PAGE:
Royal commission witness and former adviser Sam Henderson has been sentenced in the NSW Local Court.
Mr Henderson, former chief executive, director and senior financial adviser of Henderson Maxwell, was convicted of charges relating to issuing defective disclosure documents and dishonest conduct. He will enter into a two-year good behaviour bond.
Additionally, he was fined $7,000 and $3,000 respectively, for a total of $10,000.
The court declared that between 1 July 2010 and November 2017, Mr Henderson engaged in dishonest conduct when he made false representations that he had a Master of Commerce, when he did not hold that qualification.
ASIC also alleged Mr Henderson breached the law in two instances in 2014 and 2016 by giving two clients a Financial Services Guide containing the false representation that he held a Master of Commerce (Financial Planning).
Further, ASIC alleged that Mr Henderson made the false representation that he held a Master of Commerce in some of his professional biographies and descriptions. He was said to have made the claim in an interview conducted for the purpose of drafting a marketing profile to promote Western Sydney University’s Sydney Graduate School of Management Master of Commerce (Financial Planning) course and in his 2013 book, One-Page Financial Plan: Everything you need to successfully manage your money and invest for wealth creation.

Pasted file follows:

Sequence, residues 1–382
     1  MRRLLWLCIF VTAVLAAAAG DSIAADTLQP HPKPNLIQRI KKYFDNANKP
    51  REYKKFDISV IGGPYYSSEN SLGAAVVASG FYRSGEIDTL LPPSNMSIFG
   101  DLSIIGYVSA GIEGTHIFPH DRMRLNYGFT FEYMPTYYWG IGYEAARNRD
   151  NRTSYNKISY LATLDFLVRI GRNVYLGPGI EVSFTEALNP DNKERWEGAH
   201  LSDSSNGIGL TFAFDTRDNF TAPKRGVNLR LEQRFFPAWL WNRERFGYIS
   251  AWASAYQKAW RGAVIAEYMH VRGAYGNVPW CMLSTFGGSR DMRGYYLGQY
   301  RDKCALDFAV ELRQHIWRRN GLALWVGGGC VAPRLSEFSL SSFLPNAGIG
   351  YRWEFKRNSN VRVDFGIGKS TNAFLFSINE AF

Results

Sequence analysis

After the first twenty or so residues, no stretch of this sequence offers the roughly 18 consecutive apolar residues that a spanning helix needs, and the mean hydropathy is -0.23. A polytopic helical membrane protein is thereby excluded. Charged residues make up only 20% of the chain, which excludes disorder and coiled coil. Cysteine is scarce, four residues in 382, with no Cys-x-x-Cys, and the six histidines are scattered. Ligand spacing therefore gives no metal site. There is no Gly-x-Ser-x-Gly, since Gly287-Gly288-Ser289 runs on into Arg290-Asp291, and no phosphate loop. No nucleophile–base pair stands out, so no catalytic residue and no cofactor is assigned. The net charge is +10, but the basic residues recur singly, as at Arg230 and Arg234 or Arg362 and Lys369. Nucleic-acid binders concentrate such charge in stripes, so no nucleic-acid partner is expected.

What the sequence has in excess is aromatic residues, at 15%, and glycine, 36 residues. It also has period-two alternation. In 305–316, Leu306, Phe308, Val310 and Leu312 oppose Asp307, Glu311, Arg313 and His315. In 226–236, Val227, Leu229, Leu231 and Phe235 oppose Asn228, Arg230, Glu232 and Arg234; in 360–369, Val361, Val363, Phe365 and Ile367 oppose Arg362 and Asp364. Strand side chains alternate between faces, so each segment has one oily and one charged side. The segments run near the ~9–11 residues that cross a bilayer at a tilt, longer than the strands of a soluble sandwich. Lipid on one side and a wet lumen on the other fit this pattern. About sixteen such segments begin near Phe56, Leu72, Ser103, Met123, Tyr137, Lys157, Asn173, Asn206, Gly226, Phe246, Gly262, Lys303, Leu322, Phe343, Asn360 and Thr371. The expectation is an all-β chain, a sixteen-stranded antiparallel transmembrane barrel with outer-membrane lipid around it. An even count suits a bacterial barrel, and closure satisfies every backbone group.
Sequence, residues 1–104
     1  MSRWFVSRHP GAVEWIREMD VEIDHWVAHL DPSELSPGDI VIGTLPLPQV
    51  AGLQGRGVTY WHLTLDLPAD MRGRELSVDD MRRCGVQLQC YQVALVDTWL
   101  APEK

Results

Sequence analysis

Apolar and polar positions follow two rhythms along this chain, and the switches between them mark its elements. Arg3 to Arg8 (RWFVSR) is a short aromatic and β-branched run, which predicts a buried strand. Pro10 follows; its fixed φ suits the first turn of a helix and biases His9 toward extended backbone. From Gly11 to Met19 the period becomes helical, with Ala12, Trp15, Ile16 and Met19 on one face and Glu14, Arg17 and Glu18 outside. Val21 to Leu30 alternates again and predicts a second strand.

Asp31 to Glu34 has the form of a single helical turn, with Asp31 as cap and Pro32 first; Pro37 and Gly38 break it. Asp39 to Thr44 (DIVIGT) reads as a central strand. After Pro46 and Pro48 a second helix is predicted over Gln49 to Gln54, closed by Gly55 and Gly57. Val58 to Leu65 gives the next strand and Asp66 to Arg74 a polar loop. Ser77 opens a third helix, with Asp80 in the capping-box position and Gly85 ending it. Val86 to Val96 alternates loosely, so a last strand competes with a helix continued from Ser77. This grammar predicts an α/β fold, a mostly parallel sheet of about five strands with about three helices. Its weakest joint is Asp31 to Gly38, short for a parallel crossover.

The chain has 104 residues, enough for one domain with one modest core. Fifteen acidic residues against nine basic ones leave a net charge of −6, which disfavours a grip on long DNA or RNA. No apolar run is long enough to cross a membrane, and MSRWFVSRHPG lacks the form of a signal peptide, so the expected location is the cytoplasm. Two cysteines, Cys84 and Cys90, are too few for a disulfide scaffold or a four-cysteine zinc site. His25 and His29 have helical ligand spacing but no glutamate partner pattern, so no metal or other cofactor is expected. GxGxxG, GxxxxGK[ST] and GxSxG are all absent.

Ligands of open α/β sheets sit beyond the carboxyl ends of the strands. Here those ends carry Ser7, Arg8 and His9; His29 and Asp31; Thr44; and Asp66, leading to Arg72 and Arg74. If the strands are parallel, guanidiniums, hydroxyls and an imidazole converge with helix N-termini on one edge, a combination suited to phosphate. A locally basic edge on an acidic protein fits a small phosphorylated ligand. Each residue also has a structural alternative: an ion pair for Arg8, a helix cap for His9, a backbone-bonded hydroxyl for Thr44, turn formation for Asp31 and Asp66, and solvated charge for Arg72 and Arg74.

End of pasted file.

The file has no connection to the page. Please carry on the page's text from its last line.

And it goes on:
In handing down her sentence, the magistrate, Jennifer Atkinson, noted the need for the court to send a message to the community at large that being a financial adviser is a specialist position. Marketing material and websites, including qualifications, need to be correct.
She also applied a 25 per cent discount to the sentence due Mr Henderson’s guilty plea.
Henderson Maxell and Mr Henderson were the subjects of a bad advice case study in the royal commission.
ASIC banned Mr Henderson from providing financial services for a period of three years in July 2019 after it found he failed to act in the best interests of his clients, provide appropriate advice and to prioritise his clients’ interests when providing personal financial advice.
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